The popular media tends to exploit the myths around sperm and egg donation and perpetuate false beliefs about what the process entails. While they may have some of the facts correct, there are also a lot of misconceptions existing as well. We took a look at some of the more common misconceptions and the realities behind them.
MYTH #1: Anyone can be a sperm donor and the process is easy.
FACT: Anyone who meets the rigid qualifications can be a sperm donor, and it is not an easy process. According to the Fertility Pro Registry website (www.fertilityproregistry.com) less than 5% of men who attempt to become sperm donors are actually accepted. While every facility has their own set of qualifications, applicants are screened for STDs, genetic abnormalities and other diseases. Their physical and psychological backgrounds are checked and they must be able to provide a family health history going back three generations. They must also be willing to commit to the program for up to 6 months as the screening process alone may take three months.
MYTH #2: Sperm banks are unregulated and can do whatever they want to make money.
FACT: Sperm banks are regulated by the FDA and according to the Fairfax Cryobank, various other state governments. In California, the Department of Health Services may perform unannounced inspections and if a bank fails the inspection, their license may be revoked. Furthermore, many banks are accredited by the American Association of Tissue Banks (AATB) and all follow the guidelines of the American Society of Reproductive Medicine (ASRM).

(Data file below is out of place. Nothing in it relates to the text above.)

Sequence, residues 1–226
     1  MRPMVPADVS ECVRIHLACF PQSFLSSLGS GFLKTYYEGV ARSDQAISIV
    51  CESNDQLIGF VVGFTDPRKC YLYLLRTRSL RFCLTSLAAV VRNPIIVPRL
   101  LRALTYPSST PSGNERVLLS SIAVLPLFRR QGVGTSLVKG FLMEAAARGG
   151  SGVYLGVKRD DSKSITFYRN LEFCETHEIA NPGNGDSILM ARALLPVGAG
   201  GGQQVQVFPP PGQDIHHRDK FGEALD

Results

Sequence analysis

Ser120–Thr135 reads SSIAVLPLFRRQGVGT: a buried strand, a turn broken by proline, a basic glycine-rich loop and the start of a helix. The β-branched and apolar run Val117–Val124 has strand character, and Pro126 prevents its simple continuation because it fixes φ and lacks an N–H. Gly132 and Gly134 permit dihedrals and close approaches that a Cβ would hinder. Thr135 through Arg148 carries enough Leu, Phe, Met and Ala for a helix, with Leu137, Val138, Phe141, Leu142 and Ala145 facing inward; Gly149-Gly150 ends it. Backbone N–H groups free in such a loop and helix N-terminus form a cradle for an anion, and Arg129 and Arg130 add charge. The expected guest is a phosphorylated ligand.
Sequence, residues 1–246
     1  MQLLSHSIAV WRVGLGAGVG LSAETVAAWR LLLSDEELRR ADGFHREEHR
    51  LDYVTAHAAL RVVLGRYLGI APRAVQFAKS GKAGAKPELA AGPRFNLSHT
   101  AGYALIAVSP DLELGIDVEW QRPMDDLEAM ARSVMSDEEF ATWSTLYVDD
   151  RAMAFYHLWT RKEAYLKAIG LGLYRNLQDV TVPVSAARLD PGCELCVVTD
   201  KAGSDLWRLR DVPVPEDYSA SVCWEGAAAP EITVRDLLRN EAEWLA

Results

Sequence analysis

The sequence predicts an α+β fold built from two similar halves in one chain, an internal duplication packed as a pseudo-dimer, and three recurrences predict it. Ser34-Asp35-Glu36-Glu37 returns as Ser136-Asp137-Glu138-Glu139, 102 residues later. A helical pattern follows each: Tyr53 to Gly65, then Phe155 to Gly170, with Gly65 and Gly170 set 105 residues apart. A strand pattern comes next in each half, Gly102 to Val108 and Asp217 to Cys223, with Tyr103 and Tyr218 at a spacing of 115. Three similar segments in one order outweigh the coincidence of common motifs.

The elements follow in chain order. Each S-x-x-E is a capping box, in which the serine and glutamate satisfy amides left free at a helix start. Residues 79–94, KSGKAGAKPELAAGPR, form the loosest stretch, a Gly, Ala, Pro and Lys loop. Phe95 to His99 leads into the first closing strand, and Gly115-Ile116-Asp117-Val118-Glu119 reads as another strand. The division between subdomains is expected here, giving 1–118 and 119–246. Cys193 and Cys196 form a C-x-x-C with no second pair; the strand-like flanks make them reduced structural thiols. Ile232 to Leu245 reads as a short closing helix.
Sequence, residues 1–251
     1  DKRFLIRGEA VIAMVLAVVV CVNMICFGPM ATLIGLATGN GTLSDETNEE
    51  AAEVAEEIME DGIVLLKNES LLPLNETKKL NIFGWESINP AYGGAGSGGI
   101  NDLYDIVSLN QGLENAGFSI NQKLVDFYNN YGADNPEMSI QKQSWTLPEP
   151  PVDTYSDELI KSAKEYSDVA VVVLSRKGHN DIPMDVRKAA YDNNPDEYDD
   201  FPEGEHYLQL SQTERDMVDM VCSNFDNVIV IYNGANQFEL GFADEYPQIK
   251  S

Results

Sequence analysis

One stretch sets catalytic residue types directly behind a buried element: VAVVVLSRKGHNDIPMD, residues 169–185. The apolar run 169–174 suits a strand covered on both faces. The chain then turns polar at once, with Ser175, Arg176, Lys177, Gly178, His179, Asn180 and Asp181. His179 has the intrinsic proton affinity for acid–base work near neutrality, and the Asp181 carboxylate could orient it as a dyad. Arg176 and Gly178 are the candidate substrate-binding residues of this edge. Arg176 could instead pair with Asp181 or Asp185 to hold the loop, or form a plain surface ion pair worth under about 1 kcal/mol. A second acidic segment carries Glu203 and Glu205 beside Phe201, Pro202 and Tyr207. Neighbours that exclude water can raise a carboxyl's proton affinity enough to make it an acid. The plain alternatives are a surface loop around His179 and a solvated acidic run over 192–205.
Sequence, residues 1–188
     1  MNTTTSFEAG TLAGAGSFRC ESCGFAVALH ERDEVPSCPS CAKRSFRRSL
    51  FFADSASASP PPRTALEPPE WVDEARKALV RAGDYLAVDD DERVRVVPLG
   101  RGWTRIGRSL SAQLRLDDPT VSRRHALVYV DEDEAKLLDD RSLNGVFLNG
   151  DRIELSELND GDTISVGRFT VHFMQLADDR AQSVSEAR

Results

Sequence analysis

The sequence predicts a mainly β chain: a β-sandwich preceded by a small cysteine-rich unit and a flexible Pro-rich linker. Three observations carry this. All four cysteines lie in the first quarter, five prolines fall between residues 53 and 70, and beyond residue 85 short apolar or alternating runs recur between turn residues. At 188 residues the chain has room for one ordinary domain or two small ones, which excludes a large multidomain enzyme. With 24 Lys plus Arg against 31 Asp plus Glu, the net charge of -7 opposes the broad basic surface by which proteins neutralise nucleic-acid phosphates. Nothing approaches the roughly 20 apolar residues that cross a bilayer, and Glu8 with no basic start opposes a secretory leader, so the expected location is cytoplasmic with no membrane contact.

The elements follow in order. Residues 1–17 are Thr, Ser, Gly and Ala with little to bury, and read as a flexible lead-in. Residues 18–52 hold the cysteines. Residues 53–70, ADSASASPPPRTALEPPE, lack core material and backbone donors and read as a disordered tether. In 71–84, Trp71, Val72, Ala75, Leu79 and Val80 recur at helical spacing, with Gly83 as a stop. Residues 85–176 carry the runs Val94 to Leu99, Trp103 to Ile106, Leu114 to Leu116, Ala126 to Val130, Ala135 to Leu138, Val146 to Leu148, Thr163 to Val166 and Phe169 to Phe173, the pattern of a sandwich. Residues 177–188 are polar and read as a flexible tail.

MYTH#3: Donors (sperm or egg) may try to interfere or lay claim to my child.
FACT: All donors go into donation situations knowing that their purpose is to help someone who would not otherwise be able to conceive a child on their own. Donors are fertile men and women who are helping those who, for whatever reason, are dealing with infertility. If they wanted to have a child, they would typically be able to on their own. However, it is important to note that anonymous donors usually receive very little information on the intended parents, if any. In the case of a known (and anonymous donor) this is an issue that should be clearly addressed in the donor contract to ensure that the future interests of the parnets and the child are secured.
Myth: Donors are only in it for the money.
FACT: While there are donors who are interested in the financial compensation, most donors are actually donating because they want to help other start a family. Sperm donors are actually compensated very little (according to the Fertility Pro Registry, anywhere from $1-$55 per specimen) and while egg donors do receive more financial compensation, they also have to go through a more rigorous process to donate (taking hormonal medications, working with various medical professionals and an attorney). Further, according to the American Fertility Association, part of the screening process for donors is to assess “need” from “want.” A potential donor who is looking for the money to pay off her credit card debt is much less likely to pass the screening process than a donor who is looking to pay off student loans as a certain level of responsibility is inferred. While financial compensation is involved, steps are taken to ensure that donors are not there for the wrong reasons.
For many, gamete donation is the preferred path to take when dealing with infertility. Being able to separate the myths from the facts is an important step in deciding how to proceed when trying to grow your family. If you have questions about sperm donation or egg donation, and would like to speak with an attorney, please call 310-598-6428 or email firstname.lastname@example.org.
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